Don’t Call Me Sweet Pea Garden Amaro
After working in economic development for four years, Faaiza Ramji understood the A to B of export, as well as the agricultural supply chain — selling raw ingredients to countries that process them into more complete, value-added products and then buying them back at higher price points. She was compelled to localize that process.
At first, Ramji experimented with peas and pulses to make a dairy alternative, until she recognized the potential of Alberta’s brewing and distilling culture. This sprouted another idea: Could she turn field peas, along with other ingredients native to the Canadian Prairies — honey, botanicals and natural grains — into a decidedly Albertan amaro?
Don’t Call Me Sweet Pea Garden Amaro, a delicious, prairie-inspired herbal liqueur, is the result.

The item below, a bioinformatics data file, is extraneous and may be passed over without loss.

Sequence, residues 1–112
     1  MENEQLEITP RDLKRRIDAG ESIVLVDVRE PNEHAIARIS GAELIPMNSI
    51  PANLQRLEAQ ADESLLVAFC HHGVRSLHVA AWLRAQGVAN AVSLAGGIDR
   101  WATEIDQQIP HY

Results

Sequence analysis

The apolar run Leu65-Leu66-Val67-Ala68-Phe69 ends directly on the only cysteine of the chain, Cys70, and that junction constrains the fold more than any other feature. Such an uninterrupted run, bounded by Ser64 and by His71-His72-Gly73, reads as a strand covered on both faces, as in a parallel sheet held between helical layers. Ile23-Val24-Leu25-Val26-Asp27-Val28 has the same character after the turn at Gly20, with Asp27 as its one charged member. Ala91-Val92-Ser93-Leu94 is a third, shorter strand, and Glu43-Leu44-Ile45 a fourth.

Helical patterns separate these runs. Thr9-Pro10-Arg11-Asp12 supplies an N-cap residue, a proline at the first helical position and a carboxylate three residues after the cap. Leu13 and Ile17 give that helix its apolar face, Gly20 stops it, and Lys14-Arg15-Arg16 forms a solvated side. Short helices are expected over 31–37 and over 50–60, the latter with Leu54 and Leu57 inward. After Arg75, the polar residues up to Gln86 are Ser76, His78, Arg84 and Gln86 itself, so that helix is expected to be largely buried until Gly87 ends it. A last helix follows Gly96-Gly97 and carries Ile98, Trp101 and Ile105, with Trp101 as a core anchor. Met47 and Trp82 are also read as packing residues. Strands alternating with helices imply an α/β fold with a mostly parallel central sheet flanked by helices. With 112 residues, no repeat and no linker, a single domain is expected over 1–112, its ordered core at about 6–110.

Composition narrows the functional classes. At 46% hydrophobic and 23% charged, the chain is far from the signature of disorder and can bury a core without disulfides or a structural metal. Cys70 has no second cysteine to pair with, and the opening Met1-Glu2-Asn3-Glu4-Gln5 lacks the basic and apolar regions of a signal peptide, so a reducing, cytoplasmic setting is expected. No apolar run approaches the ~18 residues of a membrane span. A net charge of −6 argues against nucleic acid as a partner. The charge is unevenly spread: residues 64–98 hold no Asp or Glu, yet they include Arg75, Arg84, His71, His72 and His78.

Along with Italian aperitivo culture, Ramji took inspiration from her South Asian upbringing — her grandma, aunts and mom always talked about using natural remedies to aid digestion, immunity and skin care — to create what she calls her “garden amaro,” made with locally foraged roots, barks, berries and herbs, like sage and dandelion.
“I wanted to make something that tasted kind of like the prairies and something that was very herbaceous, like you were walking through a garden or a forest,” Ramji says.
The spirit is a purely Albertan product, from start to shelf. “The more that we can do with an industry within the province, the better for the province,” says Ramji. “We can add jobs, we can add more GDP, and we’ve got more tax revenue coming in, which is great for creating that prosperity that we need.”
You can find Don’t Call Me Sweet Pea Garden Amaro at shops across the province.
$32 to $38
Read our guide to the best local gifts.